Patrik: Yes, exactly, seizure withdrawal. That would … those would be … temperature probably. The temperature was 39C (102.2 F), she might shake with the temperature. But, the first thing that would … would be my thinking would be, either, withdrawal from medication such as sedation, and I can’t do that in the moment, or, especially if she had seizures in the past, I mean, by all means, there’s a high chance, she might have seizures again.
Andrea: And I said to him, “How do you know it’s not a seizure?” He read her notes and he said, “The neurologist, apparently, put her medication … seizure medication, reduced it a bit… if they saw something, they could increase it back to, whatever.” They just gave her the seizure medicine then.
Andrea: So I was like, “You guys are treating all the symptoms, but you actually don’t know what’s causing them.” Which, is very frustrating.
Patrik: Yeah, yeah, yeah.
Andrea: Cause like, she can’t talk to us. She can’t give us direction. But, yet they’re just observing, it’s like, “Well, we think it’s that.” But it’s like, “How do you know it’s accurate?”
Patrik: Very much so.
Andrea: Very frustrating for me Patrik, I feel powerless.
Patrik: Yes, yes. When … when she had those shakes, did anybody check her pupils? With a torch?
Patrik: Right. During a seizure, what normally happens … if somebody has a seizure and you check their pupils with a torch, or let’s put it that way, if you check pupils with a torch on a healthy person, the pupils react to light, and they contract. Okay, that’s a sign that the brain is working.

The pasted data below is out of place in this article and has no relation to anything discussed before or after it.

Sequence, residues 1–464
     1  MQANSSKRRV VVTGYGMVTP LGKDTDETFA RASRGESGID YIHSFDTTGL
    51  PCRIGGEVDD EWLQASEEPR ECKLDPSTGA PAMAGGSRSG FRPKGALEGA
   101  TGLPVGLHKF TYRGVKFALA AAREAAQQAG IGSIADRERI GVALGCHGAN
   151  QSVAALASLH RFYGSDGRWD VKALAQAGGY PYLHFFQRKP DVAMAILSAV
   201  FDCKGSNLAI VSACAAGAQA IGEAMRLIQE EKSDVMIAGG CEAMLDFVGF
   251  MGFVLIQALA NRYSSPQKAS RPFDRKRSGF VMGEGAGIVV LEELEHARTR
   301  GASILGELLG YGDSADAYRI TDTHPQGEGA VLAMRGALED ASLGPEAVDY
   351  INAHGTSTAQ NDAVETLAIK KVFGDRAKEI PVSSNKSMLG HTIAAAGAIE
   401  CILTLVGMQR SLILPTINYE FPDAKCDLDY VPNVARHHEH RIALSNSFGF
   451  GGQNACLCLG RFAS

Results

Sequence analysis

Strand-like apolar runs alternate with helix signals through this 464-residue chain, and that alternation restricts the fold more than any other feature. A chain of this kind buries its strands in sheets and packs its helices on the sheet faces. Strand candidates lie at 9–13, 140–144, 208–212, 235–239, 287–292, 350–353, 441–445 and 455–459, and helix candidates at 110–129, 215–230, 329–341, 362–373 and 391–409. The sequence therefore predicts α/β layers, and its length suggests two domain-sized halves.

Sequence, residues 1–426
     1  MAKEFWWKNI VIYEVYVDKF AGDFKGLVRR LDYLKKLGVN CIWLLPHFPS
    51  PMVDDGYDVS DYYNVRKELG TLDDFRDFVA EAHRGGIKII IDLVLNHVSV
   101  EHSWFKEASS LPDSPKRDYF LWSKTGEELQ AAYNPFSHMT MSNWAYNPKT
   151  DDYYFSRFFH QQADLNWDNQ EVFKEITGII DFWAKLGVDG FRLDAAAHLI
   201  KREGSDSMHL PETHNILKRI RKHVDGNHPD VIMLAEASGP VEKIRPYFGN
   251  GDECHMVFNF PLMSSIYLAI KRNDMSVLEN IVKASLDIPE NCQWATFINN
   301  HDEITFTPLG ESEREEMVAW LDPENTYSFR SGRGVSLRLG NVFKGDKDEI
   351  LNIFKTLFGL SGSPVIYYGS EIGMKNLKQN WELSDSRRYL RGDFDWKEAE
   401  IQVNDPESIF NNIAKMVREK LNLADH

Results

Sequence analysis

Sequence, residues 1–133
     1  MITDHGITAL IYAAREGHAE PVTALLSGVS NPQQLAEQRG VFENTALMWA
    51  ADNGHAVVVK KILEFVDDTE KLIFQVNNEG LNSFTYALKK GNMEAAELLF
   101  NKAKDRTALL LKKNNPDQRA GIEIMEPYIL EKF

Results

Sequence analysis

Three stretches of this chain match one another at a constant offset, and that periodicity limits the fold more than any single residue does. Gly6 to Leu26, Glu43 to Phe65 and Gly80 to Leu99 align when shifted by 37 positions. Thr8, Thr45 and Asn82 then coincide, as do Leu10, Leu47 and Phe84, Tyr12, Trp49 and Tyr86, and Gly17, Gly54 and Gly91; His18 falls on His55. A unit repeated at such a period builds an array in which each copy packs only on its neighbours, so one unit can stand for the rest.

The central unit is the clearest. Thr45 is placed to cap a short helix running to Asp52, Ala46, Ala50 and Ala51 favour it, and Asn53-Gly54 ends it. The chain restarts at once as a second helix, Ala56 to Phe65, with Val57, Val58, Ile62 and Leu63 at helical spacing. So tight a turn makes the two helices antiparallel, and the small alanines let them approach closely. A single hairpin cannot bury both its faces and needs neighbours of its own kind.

Patrik: Now, somebody with a seizure, when you shine a torch in their eye, or in their eyes, the pupils don’t react to light. Because, the brain has basically gone into lockdown.
Andrea: They checked her pupils… Cause I mean when … what I saw was that one of the ladies was checking her pupils …
Andrea: Was very, very, scared … very sad. Her pupils and they opened her eyelids, when they were checking with the lights, she didn’t respond at all.
Patrik: Okay. And how long ago was that?
Andrea: Probably a couple of days ago, three days ago maybe.
Patrik: Okay. Do you know whether they are still doing those observations, hourly?
Andrea: I don’t think they’ve ever done them hourly!
Andrea: They only did it once.
Patrik: Right. Okay. Right, right. Normally, what happens with anything related to the brain, with a seizure or … or a stroke, at least in the first 48 to 72 hours, those observations with the pupils should be done hourly. Now, given that time has passed …they may not do it hourly. Right? They may do it, full hourly, they may do it once a shift. It depends.
Patrik: I appreciate that, after a stroke, the pupils might’ve been in lockdown. But … but it’s probably good for you if you ask what … what they’re doing at the moment.
Andrea: What do you mean?